B. That extra math class will help tremendously, especially if it is at the graduate level. In the end, if possible do a double math/economics major.

 

C. Having outside money will never hurt. During difficult times, some committees place more weight on this aspect than one would first suspect.

 

D. Great GRE scores are a necessary but not a sufficient condition. For example, as I recall nearly a third of our pool typically has an 800 on the math component.

 

E. Letters from people who others know and respect are much more important than you might realize. This is especially true if they can say: as good as XX who I sent to this top 5 place, and better than ZZ who I sent to this top 5 place.

 

F. Spend time polishing the personal statement. I have seen good people receive bad overall marks because of this bad start.

 

Enough for now. Make the right decision if you have yet to decide--that is, find the best match for you and the rest will work out. If you have decided, have a great year.

 

For all, if I am ever in your neighborhood or you in mine, let's have a coffee, or beer, your preference. Just let me know.

 

Best,

John

 

This result is probably one of the best piece of information there is out there for future generations. Hope people see this.

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There are many ways in which Prof List can inspire aspiring economists ..

 

To me, the simplest inspiration is this: He has reached this far in his career with a PhD from a relatively unrecognized school (Univ. of Wyoming) ..

 

I doubt when he was a professor at Central Florida or Arizona, he was looking at the ranking of his institution too much .. he was probably doing the work he loved and tried to maintain the best quality work .. And over time, his work got recognized and he's now mentioned as Nobel-worthy ..

 

A lot of us are , with good reason, focused on rankings and such in the admission process .. it makes sense to get to the highest ranking institution..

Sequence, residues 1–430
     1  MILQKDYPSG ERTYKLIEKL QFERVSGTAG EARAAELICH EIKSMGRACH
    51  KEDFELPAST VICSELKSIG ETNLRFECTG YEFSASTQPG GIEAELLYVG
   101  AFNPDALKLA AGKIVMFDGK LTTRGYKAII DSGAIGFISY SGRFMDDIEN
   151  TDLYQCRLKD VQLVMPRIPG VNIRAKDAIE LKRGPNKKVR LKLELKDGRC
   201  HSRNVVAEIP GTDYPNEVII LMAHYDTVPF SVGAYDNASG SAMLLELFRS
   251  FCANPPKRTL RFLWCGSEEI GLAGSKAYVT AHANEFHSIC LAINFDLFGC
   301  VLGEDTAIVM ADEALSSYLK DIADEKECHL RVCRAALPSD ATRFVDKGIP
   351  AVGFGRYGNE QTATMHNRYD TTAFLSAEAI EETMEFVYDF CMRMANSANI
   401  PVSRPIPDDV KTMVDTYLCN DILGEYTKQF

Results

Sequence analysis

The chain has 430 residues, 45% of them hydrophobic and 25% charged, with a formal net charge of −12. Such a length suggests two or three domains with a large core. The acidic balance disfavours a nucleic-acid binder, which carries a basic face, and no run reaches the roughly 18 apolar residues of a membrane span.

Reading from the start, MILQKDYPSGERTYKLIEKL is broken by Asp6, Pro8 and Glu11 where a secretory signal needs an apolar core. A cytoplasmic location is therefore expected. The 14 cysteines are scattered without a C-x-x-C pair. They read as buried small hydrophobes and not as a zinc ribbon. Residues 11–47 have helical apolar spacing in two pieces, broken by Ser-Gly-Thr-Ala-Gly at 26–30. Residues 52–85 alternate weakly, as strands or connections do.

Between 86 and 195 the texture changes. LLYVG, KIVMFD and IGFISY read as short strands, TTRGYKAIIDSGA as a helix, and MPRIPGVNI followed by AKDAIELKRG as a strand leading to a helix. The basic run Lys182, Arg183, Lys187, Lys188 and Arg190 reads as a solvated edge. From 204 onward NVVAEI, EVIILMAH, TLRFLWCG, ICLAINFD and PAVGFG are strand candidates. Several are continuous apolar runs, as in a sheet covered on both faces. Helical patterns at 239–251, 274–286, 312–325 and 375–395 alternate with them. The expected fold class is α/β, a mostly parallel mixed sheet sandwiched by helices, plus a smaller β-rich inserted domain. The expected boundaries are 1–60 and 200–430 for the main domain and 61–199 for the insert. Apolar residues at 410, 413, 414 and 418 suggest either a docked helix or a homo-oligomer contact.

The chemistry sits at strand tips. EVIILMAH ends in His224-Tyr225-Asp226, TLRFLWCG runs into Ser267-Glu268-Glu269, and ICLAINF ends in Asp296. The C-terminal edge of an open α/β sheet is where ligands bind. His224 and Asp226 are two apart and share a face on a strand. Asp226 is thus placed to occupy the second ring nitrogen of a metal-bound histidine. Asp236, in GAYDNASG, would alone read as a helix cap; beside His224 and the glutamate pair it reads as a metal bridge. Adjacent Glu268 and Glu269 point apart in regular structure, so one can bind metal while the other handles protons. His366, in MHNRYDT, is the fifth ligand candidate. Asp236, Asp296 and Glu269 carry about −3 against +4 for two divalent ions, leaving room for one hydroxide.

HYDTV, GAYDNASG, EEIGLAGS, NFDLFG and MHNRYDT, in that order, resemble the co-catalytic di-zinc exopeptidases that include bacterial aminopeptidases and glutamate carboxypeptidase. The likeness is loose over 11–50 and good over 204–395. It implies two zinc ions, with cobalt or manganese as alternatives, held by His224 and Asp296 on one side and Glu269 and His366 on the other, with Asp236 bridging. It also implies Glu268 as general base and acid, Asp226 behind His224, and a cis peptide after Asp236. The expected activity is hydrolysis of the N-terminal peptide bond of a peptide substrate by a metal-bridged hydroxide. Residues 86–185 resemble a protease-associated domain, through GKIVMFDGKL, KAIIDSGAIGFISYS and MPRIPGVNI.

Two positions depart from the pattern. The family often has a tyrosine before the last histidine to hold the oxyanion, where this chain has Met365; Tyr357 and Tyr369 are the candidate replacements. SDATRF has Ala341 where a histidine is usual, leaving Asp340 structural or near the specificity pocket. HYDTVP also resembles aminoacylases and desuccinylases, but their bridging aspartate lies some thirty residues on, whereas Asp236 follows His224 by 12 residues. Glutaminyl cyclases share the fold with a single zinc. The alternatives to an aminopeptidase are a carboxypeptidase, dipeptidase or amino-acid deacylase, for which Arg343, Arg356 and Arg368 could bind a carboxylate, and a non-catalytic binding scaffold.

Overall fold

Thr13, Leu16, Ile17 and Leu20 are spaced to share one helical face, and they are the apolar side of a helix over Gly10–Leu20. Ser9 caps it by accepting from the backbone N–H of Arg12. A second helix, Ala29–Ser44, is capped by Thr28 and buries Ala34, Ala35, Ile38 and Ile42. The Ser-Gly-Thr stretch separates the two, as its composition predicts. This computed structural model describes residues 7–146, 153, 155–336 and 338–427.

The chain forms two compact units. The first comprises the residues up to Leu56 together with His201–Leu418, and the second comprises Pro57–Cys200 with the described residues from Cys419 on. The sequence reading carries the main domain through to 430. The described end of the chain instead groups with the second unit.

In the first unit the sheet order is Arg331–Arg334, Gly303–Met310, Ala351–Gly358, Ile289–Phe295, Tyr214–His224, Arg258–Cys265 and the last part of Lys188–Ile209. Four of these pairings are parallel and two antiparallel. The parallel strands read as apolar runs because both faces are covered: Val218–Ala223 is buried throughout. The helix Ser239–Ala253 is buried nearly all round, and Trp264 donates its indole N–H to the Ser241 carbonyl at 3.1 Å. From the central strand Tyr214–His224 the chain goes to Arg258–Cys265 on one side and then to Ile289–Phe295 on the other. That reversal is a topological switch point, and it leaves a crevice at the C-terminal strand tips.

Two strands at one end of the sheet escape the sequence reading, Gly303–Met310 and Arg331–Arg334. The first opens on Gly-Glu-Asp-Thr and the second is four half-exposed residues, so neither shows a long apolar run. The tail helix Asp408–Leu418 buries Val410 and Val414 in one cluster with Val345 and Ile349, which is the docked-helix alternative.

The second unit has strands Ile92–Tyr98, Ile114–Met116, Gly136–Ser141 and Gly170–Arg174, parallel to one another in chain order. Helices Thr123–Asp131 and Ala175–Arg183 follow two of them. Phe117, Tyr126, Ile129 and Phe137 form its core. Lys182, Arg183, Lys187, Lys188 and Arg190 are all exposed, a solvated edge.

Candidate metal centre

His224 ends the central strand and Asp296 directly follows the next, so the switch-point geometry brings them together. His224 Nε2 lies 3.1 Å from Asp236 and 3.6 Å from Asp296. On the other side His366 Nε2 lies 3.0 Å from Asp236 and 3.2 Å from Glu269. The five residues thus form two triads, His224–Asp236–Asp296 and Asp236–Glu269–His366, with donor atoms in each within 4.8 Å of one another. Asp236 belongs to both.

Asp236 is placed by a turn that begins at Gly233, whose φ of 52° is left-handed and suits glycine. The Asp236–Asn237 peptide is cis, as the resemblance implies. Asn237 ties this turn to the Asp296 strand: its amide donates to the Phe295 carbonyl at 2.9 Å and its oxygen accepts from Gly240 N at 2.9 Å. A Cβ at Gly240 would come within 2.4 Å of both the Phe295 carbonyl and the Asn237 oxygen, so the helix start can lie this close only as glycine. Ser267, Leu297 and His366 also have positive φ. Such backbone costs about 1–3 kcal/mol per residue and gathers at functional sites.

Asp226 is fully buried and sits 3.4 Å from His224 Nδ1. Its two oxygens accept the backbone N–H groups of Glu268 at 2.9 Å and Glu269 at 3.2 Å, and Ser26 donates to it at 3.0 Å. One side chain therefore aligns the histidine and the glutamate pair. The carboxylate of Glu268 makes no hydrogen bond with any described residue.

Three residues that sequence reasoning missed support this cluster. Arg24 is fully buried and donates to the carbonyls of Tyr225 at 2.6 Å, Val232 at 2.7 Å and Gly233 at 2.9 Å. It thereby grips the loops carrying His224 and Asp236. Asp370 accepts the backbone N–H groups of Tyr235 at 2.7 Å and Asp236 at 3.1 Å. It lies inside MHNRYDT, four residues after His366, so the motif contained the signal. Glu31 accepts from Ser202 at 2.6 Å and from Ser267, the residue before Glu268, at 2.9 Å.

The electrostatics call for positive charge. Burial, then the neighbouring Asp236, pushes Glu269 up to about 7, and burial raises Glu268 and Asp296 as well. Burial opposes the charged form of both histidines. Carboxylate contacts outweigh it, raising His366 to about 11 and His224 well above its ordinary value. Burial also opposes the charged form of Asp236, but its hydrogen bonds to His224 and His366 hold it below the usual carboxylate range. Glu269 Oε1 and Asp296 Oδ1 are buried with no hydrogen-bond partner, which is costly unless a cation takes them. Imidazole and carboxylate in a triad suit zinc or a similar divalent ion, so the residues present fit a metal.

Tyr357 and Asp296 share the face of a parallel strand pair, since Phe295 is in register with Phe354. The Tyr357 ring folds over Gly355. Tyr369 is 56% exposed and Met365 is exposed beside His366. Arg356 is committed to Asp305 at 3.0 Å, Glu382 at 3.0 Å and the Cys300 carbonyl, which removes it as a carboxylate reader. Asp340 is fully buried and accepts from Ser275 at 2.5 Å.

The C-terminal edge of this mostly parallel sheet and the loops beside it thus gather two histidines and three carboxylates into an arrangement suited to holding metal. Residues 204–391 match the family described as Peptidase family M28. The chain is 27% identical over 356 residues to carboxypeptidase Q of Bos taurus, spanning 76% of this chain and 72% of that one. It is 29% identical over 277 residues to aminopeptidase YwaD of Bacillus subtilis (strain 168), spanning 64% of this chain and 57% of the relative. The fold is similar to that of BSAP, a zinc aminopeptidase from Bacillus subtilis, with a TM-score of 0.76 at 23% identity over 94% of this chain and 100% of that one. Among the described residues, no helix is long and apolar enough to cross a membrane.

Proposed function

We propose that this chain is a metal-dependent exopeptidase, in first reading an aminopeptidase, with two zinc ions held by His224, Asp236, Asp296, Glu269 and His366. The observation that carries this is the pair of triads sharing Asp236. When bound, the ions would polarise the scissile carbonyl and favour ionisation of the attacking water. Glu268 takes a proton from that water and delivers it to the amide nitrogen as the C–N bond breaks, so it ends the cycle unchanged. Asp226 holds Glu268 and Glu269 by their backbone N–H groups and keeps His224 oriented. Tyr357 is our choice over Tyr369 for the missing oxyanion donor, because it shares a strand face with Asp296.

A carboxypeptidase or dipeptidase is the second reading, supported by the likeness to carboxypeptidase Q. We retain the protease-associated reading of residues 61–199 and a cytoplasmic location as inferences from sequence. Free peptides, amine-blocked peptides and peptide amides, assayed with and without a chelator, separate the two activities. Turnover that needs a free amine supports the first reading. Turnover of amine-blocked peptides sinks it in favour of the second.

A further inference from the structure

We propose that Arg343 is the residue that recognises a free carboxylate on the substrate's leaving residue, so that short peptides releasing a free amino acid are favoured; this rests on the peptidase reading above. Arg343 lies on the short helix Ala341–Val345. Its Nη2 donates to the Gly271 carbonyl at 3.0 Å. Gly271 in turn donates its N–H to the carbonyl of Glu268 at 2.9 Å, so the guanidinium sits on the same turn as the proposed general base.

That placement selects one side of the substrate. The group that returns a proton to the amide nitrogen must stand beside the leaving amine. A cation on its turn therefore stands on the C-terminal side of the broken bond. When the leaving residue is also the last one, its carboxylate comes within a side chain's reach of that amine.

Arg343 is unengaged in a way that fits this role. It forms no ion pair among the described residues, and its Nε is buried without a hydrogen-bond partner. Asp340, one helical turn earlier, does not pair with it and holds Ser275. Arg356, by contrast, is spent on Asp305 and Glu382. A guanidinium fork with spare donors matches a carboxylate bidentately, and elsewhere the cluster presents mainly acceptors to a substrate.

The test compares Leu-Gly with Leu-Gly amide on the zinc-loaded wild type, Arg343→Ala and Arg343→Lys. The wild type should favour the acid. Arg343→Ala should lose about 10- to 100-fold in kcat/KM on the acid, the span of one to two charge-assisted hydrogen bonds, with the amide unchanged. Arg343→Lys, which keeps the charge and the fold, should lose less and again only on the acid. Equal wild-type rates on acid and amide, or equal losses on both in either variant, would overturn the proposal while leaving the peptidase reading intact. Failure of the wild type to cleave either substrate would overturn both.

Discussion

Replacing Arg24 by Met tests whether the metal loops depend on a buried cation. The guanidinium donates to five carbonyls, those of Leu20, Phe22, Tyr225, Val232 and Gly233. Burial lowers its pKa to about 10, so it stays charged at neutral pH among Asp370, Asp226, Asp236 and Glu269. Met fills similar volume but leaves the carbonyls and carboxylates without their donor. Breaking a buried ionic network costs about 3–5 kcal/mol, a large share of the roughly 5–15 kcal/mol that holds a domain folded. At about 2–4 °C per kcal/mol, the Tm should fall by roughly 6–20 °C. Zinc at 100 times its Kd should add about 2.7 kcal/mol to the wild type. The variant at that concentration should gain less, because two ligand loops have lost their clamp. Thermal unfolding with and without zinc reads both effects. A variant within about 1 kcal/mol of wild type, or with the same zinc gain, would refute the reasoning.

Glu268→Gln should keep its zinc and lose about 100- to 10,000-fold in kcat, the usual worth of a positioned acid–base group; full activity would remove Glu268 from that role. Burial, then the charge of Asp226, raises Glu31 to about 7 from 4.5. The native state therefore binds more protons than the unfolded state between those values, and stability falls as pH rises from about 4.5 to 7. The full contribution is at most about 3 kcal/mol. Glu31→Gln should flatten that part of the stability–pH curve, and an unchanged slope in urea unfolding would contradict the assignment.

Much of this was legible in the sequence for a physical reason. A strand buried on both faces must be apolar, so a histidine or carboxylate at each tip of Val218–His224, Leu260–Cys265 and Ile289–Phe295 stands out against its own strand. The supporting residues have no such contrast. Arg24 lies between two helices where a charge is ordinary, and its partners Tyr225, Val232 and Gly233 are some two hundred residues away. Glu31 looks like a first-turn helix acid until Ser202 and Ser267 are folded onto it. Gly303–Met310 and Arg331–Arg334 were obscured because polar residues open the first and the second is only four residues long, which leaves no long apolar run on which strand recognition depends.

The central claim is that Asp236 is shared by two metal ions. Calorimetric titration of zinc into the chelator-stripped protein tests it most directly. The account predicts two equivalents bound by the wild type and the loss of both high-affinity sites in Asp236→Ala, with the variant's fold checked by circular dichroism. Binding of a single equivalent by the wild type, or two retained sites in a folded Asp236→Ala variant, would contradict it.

But in the end, your career will be defined as a work in progress over lot of years and not by the school you got your PhD from .. and John List is the best case study in that..

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There are many ways in which Prof List can inspire aspiring economists ..

 

To me, the simplest inspiration is this: He has reached this far in his career with a PhD from a relatively unrecognized school (Univ. of Wyoming) ..

 

I doubt when he was a professor at Central Florida or Arizona, he was looking at the ranking of his institution too much .. he was probably doing the work he loved and tried to maintain the best quality work .. And over time, his work got recognized and he's now mentioned as Nobel-worthy ..

 

A lot of us are , with good reason, focused on rankings and such in the admission process .. it makes sense to get to the highest ranking institution..

 

But in the end, your career will be defined as a work in progress over lot of years and not by the school you got your PhD from .. and John List is the best case study in that..

 

Also understand that Professor List works his *** off. Moreso than the majority of other economists. He's worked HARD to get from Wyoming to Chicago.